Staff Editorial: It is imperative everybody of age votes


Emma Short

It is imperative that everybody of age vote in the midterm elections, either on Election Day on Nov. 8 or choosing the early voting route by Nov. 4.


As the midterm Election Day approaches on Nov. 8, and early voting has been in place since Oct. 24, some students will be able to exercise their right to democracy and vote for the first time. While some individuals have been researching and preparing for the time to come, others are not planning on using this privilege. It is imperative that everybody, either the age of 18 or above, exercises their ability to vote in the upcoming state midterm elections and campaigns to follow. 

Young voters account for half of the voting population, yet are less likely to vote than older generations. The Center for Information & Research on Civic Learning and Engagement notes that 18 and 19-year-olds remained behind in the 2018 midterm registrations in comparison to other age groups. Only nine states have had the number of young voters surpass the statistic from the 2018 midterms. As of the second week of September, Texas showed 6% fewer registrations than in November 2018, which emphasizes that the number of young voters are gradually decreasing as years go by. 

NBC exit polls from the 2020 presidential election suggest 65% of those between the ages of 18 and 24 voted for the winning candidate, Joe Biden. Generation Z could have the largest say in political leaders being elected if they simply show up and vote. The surprising turnout among young voters was crucial in determining the results of the 2018 congressional and 2020 presidential elections. 

Many key issues in the policies candidates include within their campaigns directly affect the younger generation. All students worry to some degree about affording college, reproductive rights, affirmative action when entering the workplace or simply affording gas, housing and other necessities after graduating. Students need to use this passion in them to enact change through electing officials that stand to fight for their issues. National events like the Supreme Court ruling on Roe v. Wade,  the Jan. 6 committee hearings and more legislative action within Congress should push younger adults to feel motivated to fight for their voice to be heard and have a say in which political leaders represent them. Even students who are not of legal age to vote must begin researching and recognizing what political issues affect them now and will possibly create obstacles for their future so these young individuals will be properly educated when the time arises to cast their respective ballots. 

The term “every vote counts” gets thrown around far too much to the point where many Americans are numb to it, but it is nothing but the truth. There have been more than 15 elections decided by a single vote, or just a few more.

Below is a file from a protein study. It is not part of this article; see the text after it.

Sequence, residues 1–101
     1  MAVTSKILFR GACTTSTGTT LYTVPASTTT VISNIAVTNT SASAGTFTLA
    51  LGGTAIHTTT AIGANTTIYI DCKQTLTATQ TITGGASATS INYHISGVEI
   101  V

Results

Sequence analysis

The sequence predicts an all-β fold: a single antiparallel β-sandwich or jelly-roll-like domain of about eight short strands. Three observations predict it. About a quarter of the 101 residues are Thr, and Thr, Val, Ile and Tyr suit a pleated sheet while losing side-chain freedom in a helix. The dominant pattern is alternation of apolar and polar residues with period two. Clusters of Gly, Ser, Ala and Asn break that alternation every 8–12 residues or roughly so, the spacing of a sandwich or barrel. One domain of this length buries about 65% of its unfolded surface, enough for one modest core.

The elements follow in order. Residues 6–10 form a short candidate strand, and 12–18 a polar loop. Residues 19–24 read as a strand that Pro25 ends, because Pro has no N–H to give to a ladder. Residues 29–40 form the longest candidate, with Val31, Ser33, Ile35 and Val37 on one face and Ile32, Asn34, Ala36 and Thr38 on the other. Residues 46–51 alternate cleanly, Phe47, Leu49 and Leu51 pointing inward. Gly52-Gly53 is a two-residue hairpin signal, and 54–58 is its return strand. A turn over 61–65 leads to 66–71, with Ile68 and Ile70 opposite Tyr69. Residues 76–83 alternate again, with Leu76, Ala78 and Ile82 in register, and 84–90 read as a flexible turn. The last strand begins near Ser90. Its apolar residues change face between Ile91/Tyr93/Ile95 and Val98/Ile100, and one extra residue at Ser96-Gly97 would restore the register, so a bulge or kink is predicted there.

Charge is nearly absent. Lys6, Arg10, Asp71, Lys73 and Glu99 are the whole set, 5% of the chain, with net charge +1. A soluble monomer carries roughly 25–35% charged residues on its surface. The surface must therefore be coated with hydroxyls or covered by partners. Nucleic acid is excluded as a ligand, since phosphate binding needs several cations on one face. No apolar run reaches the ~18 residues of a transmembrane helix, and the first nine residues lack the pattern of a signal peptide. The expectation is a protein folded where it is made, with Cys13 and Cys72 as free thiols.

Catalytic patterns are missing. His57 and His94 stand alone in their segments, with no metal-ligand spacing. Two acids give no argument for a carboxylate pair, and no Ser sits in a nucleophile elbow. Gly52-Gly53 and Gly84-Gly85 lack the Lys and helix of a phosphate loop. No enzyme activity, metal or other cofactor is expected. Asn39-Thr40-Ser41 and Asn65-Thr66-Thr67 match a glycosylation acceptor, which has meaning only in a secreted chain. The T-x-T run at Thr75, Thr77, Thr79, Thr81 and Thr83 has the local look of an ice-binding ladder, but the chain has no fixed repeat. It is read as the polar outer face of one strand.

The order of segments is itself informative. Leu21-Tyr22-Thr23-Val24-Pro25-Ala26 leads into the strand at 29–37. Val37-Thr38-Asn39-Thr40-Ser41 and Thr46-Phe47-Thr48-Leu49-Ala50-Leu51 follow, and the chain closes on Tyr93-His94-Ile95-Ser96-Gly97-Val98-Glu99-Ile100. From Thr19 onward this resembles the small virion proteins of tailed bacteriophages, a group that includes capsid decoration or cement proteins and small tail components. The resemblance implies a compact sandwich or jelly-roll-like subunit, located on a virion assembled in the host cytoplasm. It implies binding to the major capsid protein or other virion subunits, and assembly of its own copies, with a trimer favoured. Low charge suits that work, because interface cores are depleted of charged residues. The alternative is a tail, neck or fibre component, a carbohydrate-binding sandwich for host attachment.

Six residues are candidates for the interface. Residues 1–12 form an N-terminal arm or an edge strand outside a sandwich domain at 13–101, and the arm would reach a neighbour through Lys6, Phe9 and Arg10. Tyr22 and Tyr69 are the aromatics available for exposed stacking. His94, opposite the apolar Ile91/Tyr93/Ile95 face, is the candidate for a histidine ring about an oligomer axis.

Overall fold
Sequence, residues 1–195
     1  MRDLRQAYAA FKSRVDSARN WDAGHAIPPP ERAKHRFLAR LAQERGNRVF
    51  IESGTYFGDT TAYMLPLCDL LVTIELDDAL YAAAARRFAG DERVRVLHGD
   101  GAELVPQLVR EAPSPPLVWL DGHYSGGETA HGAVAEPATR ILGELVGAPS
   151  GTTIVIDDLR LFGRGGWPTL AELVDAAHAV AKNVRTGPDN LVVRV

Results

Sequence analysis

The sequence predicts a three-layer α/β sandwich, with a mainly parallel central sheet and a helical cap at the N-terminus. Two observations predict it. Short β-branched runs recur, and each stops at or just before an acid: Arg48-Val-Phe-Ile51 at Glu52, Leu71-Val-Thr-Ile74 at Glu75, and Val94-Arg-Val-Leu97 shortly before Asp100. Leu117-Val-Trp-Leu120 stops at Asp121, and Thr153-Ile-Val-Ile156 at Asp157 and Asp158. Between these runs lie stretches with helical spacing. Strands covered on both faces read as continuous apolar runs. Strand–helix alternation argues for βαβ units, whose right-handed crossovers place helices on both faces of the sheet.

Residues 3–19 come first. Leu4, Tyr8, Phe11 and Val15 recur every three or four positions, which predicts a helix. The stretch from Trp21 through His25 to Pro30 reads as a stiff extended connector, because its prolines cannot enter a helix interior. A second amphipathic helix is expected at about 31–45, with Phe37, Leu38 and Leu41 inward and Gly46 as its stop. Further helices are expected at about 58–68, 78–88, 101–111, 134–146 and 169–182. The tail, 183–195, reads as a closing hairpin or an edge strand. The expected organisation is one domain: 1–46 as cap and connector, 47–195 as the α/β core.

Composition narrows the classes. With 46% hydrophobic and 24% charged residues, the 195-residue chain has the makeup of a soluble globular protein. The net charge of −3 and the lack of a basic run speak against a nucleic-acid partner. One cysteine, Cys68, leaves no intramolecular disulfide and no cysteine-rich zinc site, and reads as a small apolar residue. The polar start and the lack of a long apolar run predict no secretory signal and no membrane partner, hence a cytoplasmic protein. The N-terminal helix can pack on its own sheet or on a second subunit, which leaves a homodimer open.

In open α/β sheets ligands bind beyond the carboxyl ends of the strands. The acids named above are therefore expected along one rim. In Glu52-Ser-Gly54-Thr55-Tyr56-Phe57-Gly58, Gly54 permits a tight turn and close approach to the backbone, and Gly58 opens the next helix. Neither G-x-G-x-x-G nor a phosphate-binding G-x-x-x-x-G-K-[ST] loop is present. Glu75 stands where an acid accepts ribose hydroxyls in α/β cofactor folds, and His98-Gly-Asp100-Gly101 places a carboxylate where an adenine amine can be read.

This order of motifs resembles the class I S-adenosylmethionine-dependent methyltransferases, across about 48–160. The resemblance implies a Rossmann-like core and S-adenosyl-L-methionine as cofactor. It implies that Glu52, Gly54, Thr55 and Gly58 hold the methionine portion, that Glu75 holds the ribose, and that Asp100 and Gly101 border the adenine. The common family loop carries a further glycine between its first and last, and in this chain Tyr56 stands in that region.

It is now easier than ever to vote. Gen-Z has internet access that none of the previous generations had, making it possible to research the candidates with the click of a button before entering the voting booth. To be eligible to vote, American citizens are required to register with their state’s government, which can be either completed on paper and mailed in or done in person. Texas citizens can check their registration status online if they are unsure. That is one step an American citizen has to complete to be able to vote. It’s as simple as that. Once a voter is registered, they do not get removed until they move locations or fail to vote in multiple consecutive elections. 

Some adults of age do not use their vote because they see themselves as completely neutral to either political party. If this is the case, these individuals need to vote for independent candidates. Voters need to obtain their own research and determine which candidate best fits their needs and advocates for causes that positively affect them, their age group, their economic status, their morals and interests. There may be certain candidates these impartial citizens feel strongly should not be in office – if anything, their vote can prevent those people from making it in office, rather than not voting at all, to prevent their election.

Everybody, including 18-year-olds, needs to exercise their right to vote in this election and conduct research on the two primary candidates for Texas governor beforehand. Democracy is a privilege and continuously complaining about policies changes nothing without a vote. Voters using their voice at the ballot box is a way of honoring the generations before them who fought for voting rights years ago. Citizens can not expect their needs to be met if they do not use the platform handing them a voice. Local early voting can be done anywhere in Denton County, but specific voting locations must be used if Texan voters decide to cast their ballot on Election Day. Now, get to the voting booths.